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Tuesday, September 1, 2015

Word of the Month for September 2015: Undue Influence

Undue Influence
You ever notice that some people just seem to exist to serve as a warning for others?  Yeah, like all those people who win Darwin Awards, or people who keep responding to emails from people in Nigeria, or people who check the box on their tax return to donate $3 to politicians.  

Such was the case I had presented to me the other day.  Seems guy had a large holdings of real estate (i.e. on paper, he was filthy rich).  Seems guy was in his 90's, had recently had a high risk surgery, and was recently diagnosed with advancing dementia (i.e. he's about to lose his mind).  Seems also that guy had a "friend" who is encouraging him that before he completely lost his mind (non compis mentus, and all) that he create a trust and grant all his property to said friend.   

Turns out friend is with guy 8 hours a day and is the one person who helps guy change his diapers (my dad was in this boat and it really sucks), who helps guy remember to take his pills, who is the only person who talks to guy any more.  Is it any reason guy wants to give ALL his property to his friend?  On the surface, it all looks great - but then King Lear pops in my mind and guy's story all goes south.

Of course, this all brings us to this month's word of the month: UNDUE INFLUENCE.  According to Black's Law Dictionary, UNDUE INFLUENCE is defined as 
the improper use of power or trust in a way that deprives a person of free will and substitutes another's objective; the exercise of enough control over another person that a questioned act by this person would not have otherwise been performed, the person's free agency having been overmastered.
I suspect the question to be raised is whether someone would have done something but for the influence or interjection of another.  For example, a revered peer encourages another kid to steal something to show his loyalty to a group/gang.  Maybe, as here, the best example is where a trusted friend pressures a person to draft a will creating a legacy or gift for that "friend" by use of trickery, flattering, or suggestion.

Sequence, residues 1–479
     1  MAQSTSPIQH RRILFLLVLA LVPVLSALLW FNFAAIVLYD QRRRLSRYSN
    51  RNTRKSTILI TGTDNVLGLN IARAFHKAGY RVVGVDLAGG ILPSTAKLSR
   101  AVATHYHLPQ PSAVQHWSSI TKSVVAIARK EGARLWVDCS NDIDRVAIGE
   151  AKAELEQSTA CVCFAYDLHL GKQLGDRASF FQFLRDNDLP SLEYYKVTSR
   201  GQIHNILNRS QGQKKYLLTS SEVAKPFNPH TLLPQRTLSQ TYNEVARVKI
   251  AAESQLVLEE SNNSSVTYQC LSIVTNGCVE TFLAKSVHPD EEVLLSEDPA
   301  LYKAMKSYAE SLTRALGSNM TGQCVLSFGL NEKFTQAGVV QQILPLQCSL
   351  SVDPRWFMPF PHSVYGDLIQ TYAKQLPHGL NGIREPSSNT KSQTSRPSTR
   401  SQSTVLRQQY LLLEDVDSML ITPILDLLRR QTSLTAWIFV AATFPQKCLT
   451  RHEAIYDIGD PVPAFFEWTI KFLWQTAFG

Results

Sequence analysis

While there may be none of this in guy's situation, I told guy that his best course of action would be to hire an attorney to draft his estate planning documents for him.  That way, neither "friend" nor anyone else can be accused of exercising UNDUE INFLUENCE as the attorney would be able to attest that guy had received adequate legal counsel and was able to make all gifts of his own free will.  

While I'm guessing that was not the answer "friend" wanted to hear, I'm hoping guy has enough going for him that he is willing to go the extra mile and make sure all his "t's" are crossed and "i's" are dotted before he moves on to greener pastures else "friend" won't get so much as a pot to piss in if/when loooooong lost family members suddenly re-appear to collect on the dearly departed's estate (as they often do when money is to be had).

Monday, August 24, 2015

I want it back

Illegal tenant screening fees
Every day I get told stories.  Some fanciful like the guy who swore the girl looked 21 and was now looking at a 288 charge.  Some scary like the guy who had been stalked by a rather large linebacker sized female.  Then there are some that make me wonder what people are thinking.

Take, for instance, the guy that came in the other day.  Seems he was looking for a place to live.  Having found an apartment complex he liked, he inquired as to it's availability.  The landlord informed him that he would have to pay $100 up front for an Application Screening.  Not a problem; guy ponied up the $100 and waited for a response.  The problem was, the landlord didn't have any vacancies when guy handed landlord the $100.  This is a problem (in California, anyway) because under California Civil Code section 1950.6(c), it reads:
Unless the applicant agrees in writing, a landlord or his or her agent may not charge an applicant an application screening fee when he or she knows or should have known that no rental unit is available at that time or will be available within a reasonable period of time.